At 3:30 a.m. Monday, U.S. Sen. Angus King called U.S. Sen. Susan Collins about last-minute steps to protect Maine’s lobster industry.
That was one of the final steps in what Collins called the “hard-fought battle” to get a six-year pause on new regulations included in a federal spending bill, plus up to $500 million more in aid for the industry over 10 years to help fishermen comply with protections for endangered whales that could come after the pause is over.
Collins and King, the rest of Maine’s congressional delegation and Gov. Janet Mills told reporters Wednesday that years of work against those long-developing regulations culminated in weeks of careful negotiations with congressional leaders and the White House.
It may be among the largest breakthroughs a Maine industry has seen at the federal level in years. In her career, Collins, who is set to become the No. 1 Republican on the Senate Appropriations Committee, said she had neither seen such a flagrant federal overreach nor seen Maine’s politically diverse delegation work as one so powerfully.
“We were all working the phones together,” said U.S. Rep. Jared Golden, a Democrat from the 2nd District. “It was just a very rewarding result.”
While the delegation, Mills and former Gov. Paul LePage had lobbied different federal officials on this for years, recent events precipitated the move, which amounted to an end run around a lawsuit from conservation groups. The groups alleged the federal government was not doing enough to protect endangered right whales and were apoplectic about the deal announced this week.
The Maine Lobstermen’s Association and the state have been involved in that court battle and were dealt a blow in September when a federal judge upheld the whale rules. The industry began preparing an appeal with state aid. In November, a judge issued a two-year extension in November to give the parties time to develop rules aimed at reducing entanglement risks.
Golden said the industry was at a “crisis point.” King gave a floor speech Tuesday calling the new rules an “economic death sentence” for the fishery and told reporters Wednesday that the new ruling gave the delegation “a matter of weeks” to work out the issues.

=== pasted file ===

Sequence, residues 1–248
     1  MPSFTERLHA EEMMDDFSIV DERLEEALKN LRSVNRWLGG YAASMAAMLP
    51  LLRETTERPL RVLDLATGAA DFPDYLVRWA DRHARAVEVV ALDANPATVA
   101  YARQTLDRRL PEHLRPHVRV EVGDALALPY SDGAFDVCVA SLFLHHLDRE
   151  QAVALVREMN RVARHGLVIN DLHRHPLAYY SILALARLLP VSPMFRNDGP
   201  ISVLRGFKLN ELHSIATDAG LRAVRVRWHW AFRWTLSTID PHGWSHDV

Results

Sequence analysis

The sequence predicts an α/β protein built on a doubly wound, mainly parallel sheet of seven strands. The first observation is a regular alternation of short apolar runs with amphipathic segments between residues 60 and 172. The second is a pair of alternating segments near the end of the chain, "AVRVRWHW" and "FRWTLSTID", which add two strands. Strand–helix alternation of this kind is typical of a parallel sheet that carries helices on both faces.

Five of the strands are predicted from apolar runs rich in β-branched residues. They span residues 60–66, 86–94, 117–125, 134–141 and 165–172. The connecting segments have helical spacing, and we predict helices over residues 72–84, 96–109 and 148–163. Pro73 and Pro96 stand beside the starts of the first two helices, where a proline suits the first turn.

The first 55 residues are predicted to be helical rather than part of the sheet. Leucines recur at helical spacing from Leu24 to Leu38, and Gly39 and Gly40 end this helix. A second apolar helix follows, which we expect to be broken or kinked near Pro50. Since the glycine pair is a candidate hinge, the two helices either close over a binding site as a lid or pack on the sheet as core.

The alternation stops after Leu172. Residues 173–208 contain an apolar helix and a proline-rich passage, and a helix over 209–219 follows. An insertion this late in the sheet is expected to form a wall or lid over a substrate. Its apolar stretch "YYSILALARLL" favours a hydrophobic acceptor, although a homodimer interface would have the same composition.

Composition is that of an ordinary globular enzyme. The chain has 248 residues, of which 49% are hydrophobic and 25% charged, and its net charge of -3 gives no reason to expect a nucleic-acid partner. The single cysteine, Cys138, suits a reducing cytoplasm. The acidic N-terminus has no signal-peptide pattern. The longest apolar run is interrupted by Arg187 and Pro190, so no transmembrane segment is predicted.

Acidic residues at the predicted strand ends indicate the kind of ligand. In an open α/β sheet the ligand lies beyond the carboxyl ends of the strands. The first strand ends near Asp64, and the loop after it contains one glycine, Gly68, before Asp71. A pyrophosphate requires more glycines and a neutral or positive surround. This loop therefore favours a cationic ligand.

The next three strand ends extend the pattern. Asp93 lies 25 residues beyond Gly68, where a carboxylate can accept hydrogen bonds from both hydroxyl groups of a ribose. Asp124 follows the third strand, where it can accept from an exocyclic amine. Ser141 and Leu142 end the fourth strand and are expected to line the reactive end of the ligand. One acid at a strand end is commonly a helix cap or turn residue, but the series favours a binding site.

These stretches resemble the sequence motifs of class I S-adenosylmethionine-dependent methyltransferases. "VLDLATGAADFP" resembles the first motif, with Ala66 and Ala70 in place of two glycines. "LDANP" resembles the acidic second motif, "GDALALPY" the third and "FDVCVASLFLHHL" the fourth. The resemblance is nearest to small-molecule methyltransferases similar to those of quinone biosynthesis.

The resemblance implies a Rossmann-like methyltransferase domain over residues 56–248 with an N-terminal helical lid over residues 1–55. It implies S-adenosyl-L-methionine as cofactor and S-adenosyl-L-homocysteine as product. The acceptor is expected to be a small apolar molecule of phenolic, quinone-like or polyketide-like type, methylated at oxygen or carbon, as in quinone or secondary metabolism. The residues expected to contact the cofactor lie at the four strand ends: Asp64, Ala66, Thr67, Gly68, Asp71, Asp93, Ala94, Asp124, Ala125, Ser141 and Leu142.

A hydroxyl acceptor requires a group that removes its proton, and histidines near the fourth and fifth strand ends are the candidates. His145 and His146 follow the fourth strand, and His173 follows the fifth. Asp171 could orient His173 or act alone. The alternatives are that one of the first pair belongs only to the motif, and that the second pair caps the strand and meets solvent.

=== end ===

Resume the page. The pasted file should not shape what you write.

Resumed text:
“This was the only vehicle, the omnibus spending bill, that we could identify as a way to get this pause in the regulations for six years,” Collins said.
In their way were the environmental groups who have decried the rider, arguing it could lead to the right whale’s ultimate extinction. One of those groups extended its criticism of the deal to Senate Majority Leader Chuck Schumer of New York and the outgoing U.S. Sen. Patrick Leahy of Vermont, who chairs the appropriations panel, calling them “extinction Democrats.”
The industry and its political allies have noted that Maine fishing gear has never been linked to a whale death. Mills, whose environmental credentials include speaking on climate change at the United Nations, said those who had pushed the regulations were “extremists” operating based on assumption and emotion.
“I saw this as a compromise for those concerned about the right whale and those who care about our fishing industry,” said Pingree, a progressive with ties to environmentalists.
Lengthy negotiations had to happen on Capitol Hill. King and Pingree described substantial talks with House and Senate leaders — led by outgoing House Speaker Nancy Pelosi, D-California, on her side and Schumer in the upper chamber, as well as work with a House committee. Each half of the delegation worked through the process in their respective chamber.
All were exuberant in a press conference Wednesday, though some were cautious given that the budget hadn’t passed yet. It is still widely expected to do so by the end of the week.
“I have all my fingers and toes crossed,” Pingree said.
Secretary of Commerce Gina Raimondo, who oversees the NOAA federal agency that enforces regulations to protect the right whale, is aware of the provision, though members of the congressional delegation did not say if President Joe Biden was.
Pingree described the Biden administration as having tied hands due to the federal court case — only this type of congressional action like what was accomplished could alter their policy. Lobsterman Curt Brown of Cape Elizabeth was fishing two miles off the coast of his community when he joined the delegation and Mills on a virtual news conference.
“This is a great day for Maine lobster,” he said. “The future looks much brighter today than it has for a long, long time.”